LAS VEGAS -- The newest way to make an impression on the garish
Las Vegas Strip is through Impressionism itself. The Bellagio, a
luxury hotel being built in a city known for its girlie shows,
clanging slot machines and the Liberace Museum, will have its
hallways graced by about $130 million worth of paintings by the
of Renoir, Monet and Picasso.
Down the road, Circus Circus Enterprises, known for a flagship
hotel that features $29 rooms, $3 all-you-can-eat buffets and
acts high above the blackjack tables, is building a resort that will
include a hotel managed by the tony Four Seasons Hotels.
Las Vegas is adding a little elegance to its ebullience, a little
class to its crass. The latest mantra here is go upscale: attract
upper-middle-income vacationers -- not necessarily avid gamblers --
who might normally head for Palm Springs or La Jolla, Calif.;
Scottsdale, Ariz., or Santa Fe, N.M.
Behind the move is a change in the economics of Las Vegas. In the
past, rooms, food and entertainment were mainly loss leaders, sold
cheaply to lure customers into the casino.
But as Las Vegas has broadened its appeal, the average visitor is
dropping less at the roulette table. At the low-priced Circus Circus
hotel, for instance, "A lot of people are sleeping there but not
playing the casinos," said Glenn Schaeffer, the president of the
So he and other casino owners are trying something radical: to
actually turn a profit on rooms, food, entertainment and shops. In
1996, these nongambling revenues accounted for 47 percent of the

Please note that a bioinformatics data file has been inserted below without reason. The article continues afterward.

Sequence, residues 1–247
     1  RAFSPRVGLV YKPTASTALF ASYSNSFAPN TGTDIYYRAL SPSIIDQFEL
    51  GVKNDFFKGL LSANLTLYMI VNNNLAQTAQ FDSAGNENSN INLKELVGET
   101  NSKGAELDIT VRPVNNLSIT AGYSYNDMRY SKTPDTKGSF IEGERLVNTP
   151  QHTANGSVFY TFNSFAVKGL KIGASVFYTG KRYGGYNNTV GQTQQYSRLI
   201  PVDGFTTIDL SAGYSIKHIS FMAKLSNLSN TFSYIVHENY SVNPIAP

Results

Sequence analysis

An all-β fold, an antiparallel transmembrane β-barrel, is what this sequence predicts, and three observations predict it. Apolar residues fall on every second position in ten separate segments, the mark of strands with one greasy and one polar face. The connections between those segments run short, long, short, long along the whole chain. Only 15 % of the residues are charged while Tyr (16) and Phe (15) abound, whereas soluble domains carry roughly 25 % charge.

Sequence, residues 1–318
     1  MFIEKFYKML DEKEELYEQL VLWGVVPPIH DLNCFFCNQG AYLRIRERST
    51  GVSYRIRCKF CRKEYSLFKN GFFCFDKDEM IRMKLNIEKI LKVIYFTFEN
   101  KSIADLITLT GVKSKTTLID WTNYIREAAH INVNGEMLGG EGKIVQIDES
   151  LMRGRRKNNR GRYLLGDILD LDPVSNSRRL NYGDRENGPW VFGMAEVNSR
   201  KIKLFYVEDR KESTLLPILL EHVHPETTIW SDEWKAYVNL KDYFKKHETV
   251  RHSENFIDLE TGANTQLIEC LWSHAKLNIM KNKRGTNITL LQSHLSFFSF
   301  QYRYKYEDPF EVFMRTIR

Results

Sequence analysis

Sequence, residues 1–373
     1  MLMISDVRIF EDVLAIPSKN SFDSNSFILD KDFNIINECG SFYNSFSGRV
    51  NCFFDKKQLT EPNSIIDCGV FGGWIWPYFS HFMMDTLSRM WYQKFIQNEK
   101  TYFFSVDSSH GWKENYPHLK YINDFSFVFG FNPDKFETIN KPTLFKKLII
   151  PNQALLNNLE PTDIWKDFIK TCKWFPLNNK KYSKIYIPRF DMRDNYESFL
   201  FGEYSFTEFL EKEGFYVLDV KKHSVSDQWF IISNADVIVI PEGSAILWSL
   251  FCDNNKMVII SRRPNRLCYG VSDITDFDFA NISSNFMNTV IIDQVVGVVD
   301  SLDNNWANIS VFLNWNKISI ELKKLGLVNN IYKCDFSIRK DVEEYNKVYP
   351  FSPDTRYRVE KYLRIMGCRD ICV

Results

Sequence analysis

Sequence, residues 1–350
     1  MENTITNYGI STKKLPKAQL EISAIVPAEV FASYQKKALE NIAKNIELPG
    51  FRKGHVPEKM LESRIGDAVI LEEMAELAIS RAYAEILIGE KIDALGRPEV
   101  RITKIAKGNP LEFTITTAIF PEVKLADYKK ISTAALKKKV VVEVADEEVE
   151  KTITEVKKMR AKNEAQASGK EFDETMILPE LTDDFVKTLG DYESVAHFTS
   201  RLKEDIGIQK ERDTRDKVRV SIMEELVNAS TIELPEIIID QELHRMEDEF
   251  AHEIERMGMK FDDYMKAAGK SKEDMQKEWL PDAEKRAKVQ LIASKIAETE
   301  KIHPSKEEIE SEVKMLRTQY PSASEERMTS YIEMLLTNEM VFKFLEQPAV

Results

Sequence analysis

Strip's total, up from 42 percent in 1990, according to the Las
Convention and Visitors Authority.
Still, the average hotel rate for all of Las Vegas has only crept
up to $58, so hotel keepers think there is room to charge even more
by making accommodations more luxurious. Higher room rates are also
needed to recover the costs of the extravagant theme hotels now
construction, like the $1.5 billion Bellagio, which hopes to charge
an average of about $165 a night, a new high for Las Vegas.
Risks abound in this strategy, though. Visitors may balk at high
room rates if cheap ones are still plentiful, and giant hotels run
the danger of becoming impersonal. Most important, though: Can Las
Vegas absorb all these new rooms?
Las Vegas, of course, has been redefining itself for a decade.
In recent years it has shed some of its Sin City reputation and
turned itself into a playland for middle-American families by
building hotels with theme-park-like attractions -- erupting
volcanoes, battling pirates and Greenwich Village street scenes.
This attracted mainly low-budget vacationers lured by the
hotels and meals.
But the latest moves, if they succeed, will broaden the market
further and help transform this desert hub into a more traditional
resort, with golf, tennis, spas, ritzy shopping centers and gourmet
The Bellagio is far from alone. The Desert Inn is just completing
a $200 million renovation aimed at making it Las Vegas' first five-
star hotel. While most hotel-casinos require guests to run a
gauntlet of slot machines to find the registration desk, the Desert
Inn, owned by ITT, features a lobby five stories high, and not a
or a bong within earshot.
Ritz-Carlton Hotel is entering the Las Vegas market, agreeing to
manage a 526-room hotel in the new 640-acre Mountain Spa Resort
built on the outskirts of the city by Jack Sommer, owner of the
Ritz-Carlton and Marriott International, which owns 49 percent of
Ritz, have also signed letters of intent to manage hotels to be
on the property of the MGM Grand. ITT's Caesars Palace, long
considered one of the most upscale hotels, has just added a new,
more luxurious 1,200-room tower.
The new establishments are not necessarily aimed at the high
rollers who bet up to $200,000 on a single hand of baccarat. …